971878_10151807454747442_784324501_nAt  the Sainsbury Wing of the National Gallery is my most anticipated exhibition of the year: “Vermeer and Music: The Art of Love and Leisure”.

Based mostly on artworks in its own collection, we are given a glimpse into the 17th century Dutch paintings and the association tied to the period’s popular theme, music.  Alongside it are displayed musical instruments and songbooks of the time, such as harpsichord and violin, as if they have popped out of the paintings themselves.

Room One, ‘Music as Attribute and Allegory’ is mostly of still lifes where music stands as a symbol for transience of life. It also indicates an intellectual status of the sitter of the portrait, someone of a good taste and education.

In Room Two,  ‘Musical Companies and Festive Gatherings’, we see how music was an integral part of Dutch society, with everyone participating in making music in their everyday lives. Music is what brings harmony.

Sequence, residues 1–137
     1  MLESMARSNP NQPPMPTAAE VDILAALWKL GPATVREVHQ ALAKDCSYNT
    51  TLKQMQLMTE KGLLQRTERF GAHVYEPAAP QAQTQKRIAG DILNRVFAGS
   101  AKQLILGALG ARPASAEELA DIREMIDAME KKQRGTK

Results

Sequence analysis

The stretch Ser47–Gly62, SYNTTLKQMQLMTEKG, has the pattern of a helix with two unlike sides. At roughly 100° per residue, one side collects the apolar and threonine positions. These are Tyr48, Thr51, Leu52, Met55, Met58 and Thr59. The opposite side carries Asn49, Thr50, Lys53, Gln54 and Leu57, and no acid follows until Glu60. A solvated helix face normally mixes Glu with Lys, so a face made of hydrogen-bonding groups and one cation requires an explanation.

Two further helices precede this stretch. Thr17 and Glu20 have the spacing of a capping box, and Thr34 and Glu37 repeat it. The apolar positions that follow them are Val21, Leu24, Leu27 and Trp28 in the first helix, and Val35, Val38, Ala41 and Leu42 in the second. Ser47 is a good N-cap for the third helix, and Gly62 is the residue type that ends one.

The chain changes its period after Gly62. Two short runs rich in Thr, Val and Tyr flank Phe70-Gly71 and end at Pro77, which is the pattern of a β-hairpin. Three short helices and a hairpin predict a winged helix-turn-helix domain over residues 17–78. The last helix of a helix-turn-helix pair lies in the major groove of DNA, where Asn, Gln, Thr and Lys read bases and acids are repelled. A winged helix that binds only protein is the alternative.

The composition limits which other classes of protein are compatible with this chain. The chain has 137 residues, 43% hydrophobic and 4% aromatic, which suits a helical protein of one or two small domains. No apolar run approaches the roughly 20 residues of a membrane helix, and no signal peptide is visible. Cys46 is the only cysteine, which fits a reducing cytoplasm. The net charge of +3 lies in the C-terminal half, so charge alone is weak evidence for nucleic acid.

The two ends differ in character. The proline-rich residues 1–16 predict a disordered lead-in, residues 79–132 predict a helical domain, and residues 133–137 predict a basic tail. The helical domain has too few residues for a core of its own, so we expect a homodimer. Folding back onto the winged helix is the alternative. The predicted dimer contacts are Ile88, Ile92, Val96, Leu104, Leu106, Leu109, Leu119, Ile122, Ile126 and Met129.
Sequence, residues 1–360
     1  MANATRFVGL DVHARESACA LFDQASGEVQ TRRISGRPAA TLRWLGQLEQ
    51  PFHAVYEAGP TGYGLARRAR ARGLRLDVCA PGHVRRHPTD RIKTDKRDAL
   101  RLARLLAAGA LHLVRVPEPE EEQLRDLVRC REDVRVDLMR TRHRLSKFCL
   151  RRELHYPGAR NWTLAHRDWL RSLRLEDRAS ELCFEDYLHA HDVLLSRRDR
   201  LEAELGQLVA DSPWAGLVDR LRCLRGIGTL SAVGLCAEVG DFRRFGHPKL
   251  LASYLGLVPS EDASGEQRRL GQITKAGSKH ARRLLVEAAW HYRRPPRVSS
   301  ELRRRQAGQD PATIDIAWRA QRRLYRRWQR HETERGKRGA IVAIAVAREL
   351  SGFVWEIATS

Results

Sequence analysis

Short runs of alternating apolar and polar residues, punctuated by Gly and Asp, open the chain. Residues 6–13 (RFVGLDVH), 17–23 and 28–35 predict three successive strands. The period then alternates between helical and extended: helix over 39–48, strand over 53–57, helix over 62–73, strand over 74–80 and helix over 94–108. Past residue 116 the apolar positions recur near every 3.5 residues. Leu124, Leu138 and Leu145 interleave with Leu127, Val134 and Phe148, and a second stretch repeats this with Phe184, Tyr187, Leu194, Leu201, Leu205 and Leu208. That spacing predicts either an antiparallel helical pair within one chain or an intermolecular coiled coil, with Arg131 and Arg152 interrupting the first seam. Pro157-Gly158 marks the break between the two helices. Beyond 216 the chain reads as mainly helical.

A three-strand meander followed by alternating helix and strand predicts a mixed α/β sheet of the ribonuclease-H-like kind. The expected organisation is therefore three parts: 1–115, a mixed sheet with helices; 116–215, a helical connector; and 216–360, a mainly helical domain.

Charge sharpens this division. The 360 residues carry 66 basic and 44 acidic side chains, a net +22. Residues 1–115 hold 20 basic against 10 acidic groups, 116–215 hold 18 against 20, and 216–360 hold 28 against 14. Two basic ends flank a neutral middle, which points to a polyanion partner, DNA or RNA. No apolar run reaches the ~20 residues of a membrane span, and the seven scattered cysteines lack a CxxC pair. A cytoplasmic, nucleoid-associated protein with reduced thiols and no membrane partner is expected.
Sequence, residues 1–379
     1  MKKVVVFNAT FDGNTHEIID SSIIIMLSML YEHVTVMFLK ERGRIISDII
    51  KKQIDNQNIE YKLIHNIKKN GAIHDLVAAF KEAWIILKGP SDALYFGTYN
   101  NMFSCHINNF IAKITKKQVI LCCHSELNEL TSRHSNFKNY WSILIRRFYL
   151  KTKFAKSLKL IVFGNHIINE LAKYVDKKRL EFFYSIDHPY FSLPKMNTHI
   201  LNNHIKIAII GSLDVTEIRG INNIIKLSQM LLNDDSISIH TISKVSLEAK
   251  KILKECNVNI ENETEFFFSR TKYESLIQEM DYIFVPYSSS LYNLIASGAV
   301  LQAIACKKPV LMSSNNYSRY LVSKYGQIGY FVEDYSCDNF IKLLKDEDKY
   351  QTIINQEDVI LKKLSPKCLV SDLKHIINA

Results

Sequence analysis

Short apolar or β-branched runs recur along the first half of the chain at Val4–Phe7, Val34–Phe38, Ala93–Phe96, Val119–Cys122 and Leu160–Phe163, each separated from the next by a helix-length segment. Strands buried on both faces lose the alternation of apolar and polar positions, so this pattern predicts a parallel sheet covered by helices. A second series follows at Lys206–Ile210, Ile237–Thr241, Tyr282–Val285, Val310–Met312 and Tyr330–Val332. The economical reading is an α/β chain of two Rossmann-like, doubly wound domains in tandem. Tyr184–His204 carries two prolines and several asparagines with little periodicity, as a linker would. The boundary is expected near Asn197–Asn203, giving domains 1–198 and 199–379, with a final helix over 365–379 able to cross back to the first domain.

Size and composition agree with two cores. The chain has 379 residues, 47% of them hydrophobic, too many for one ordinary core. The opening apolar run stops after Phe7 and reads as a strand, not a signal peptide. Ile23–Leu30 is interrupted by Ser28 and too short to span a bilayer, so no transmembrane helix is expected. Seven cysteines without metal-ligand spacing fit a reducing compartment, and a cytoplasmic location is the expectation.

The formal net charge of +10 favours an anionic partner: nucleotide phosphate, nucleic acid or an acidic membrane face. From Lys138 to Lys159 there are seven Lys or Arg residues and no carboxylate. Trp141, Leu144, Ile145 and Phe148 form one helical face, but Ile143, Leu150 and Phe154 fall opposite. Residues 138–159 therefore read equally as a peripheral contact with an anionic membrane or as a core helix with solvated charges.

As beautifully captured by Jan Steen’s “A Young Woman Playing a Harpsichord to a Young Man”, Room Three, ‘Intimate Duet’ is all about subtle sensuality music brought and the relationship between characters behind the ‘innocent’ playing of the instruments.

The highlight is, of course, is the final room ‘Vermeer and Solo Musicians’.  It is a little disheartening that there are only five paintings of Johannes Vermeer out of 35 artworks in the exhibition, but nonetheless, having ‘The Guitar Player’, ‘A Young Woman standing at a Virginal’,  and ‘A Young Woman Seated at a Virginal’ displayed on the same wall is just simply paralysingly beautiful.

‘The Guitar Player’ is the most captivating of all – the sense of tranquillity is highlighted by the empty wall on left side of the sitter which takes up almost half of the entire canvas, as if to intensify the sound of the chord which has been just strung on the guitar.

The exhibition ends with a closer look at Vermeer’s techniques, delving into his brush strokes, use of colours and paint thickness. You can also see magnified photographs of fingerprints found in some of his paintings.

Live music is played by the members of the Academy of Ancient Music at  dedicated times, which is a treat to have at the background while looking,  but perhaps not worth queuing for 20 minutes for a seated performance.

Overall, it is a pleasant exhibition that includes artworks by Jan Steen, Peiter de Hooch and Gerardter Broch. Having to pay £7 to see what is mostly already part of the National Gallery’s collection felt like a bit of a rip off, but the five breathtaking paintings by Johannes Vermeer made me content enough.


The exhibition runs until 8 September 2013.